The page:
Can I use my word trademark in all caps, some letter capitalised, etc., or does it have to be used exactly as typed at the time of registration?

Photo of Jan Buza

Written by Jan Buza

Co-founder of Trama

In general, trademark registration does not restrict you to using your word trademark exactly as typed at the time of registration. Once your trademark is registered, you typically have the flexibility to use it in various formats, including all caps, some letters capitalized, or even in different stylizations, as long as the distinctive elements of the mark remain unchanged.

Trademark registration primarily protects the specific wording and combination of words in your mark, rather than the specific format or styling. The goal is to ensure that consumers can identify the source of goods or services associated with your mark, regardless of the specific case or formatting used.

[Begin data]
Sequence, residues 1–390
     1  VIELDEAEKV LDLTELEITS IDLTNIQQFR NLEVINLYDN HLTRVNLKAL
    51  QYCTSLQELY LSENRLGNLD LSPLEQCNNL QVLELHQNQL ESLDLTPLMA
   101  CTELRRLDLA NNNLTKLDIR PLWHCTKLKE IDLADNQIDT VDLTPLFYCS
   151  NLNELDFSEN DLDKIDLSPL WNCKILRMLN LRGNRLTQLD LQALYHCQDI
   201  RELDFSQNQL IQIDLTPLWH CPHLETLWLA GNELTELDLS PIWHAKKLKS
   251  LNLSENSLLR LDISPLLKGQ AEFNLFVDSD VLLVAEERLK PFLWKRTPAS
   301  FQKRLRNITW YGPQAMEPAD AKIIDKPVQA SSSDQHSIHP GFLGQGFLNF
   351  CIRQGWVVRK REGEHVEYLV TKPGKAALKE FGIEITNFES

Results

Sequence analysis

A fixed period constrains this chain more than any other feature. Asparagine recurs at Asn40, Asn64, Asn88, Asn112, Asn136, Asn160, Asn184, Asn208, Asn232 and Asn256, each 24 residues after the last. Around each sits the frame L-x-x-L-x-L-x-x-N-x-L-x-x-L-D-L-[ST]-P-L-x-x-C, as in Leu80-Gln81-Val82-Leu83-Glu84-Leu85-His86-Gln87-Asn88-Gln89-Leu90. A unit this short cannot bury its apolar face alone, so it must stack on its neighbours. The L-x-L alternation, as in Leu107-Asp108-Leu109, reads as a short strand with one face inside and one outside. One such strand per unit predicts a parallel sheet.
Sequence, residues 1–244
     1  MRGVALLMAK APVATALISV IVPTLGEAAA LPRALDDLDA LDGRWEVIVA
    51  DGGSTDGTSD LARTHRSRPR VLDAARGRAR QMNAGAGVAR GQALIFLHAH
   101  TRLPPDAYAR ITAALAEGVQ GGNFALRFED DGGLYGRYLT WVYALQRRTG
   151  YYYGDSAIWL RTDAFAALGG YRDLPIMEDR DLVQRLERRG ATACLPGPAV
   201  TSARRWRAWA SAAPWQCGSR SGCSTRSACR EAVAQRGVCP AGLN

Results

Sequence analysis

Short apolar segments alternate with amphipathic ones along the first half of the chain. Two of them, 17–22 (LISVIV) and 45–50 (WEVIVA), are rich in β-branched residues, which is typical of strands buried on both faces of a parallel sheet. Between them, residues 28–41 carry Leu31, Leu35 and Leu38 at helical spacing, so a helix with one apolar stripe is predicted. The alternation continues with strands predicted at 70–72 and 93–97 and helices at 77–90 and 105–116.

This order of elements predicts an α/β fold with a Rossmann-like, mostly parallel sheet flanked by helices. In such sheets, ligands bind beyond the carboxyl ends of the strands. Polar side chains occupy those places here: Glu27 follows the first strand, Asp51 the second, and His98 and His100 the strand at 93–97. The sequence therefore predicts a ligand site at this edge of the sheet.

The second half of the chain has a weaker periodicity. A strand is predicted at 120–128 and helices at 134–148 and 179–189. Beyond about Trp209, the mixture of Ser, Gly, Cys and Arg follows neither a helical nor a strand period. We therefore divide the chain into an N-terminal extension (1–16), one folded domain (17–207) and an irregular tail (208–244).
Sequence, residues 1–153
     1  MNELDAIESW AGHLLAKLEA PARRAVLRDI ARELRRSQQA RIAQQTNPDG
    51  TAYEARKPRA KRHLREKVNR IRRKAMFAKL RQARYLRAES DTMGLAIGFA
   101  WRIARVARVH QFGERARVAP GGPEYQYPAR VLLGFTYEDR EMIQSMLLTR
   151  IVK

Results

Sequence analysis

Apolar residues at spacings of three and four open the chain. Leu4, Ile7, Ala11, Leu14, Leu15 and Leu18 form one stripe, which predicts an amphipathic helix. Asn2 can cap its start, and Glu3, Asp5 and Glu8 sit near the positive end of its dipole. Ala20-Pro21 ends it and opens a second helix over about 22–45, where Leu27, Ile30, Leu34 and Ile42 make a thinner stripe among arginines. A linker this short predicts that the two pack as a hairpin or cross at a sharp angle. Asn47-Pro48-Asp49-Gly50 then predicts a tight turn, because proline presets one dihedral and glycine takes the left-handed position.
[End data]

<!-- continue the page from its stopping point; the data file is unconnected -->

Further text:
However, it's important to exercise caution when making changes to the appearance or stylization of your registered trademark. Any changes should not alter the overall distinctive character of the mark or create confusion with other registered trademarks. The changes should not significantly affect the consumer's perception or understanding of your mark.

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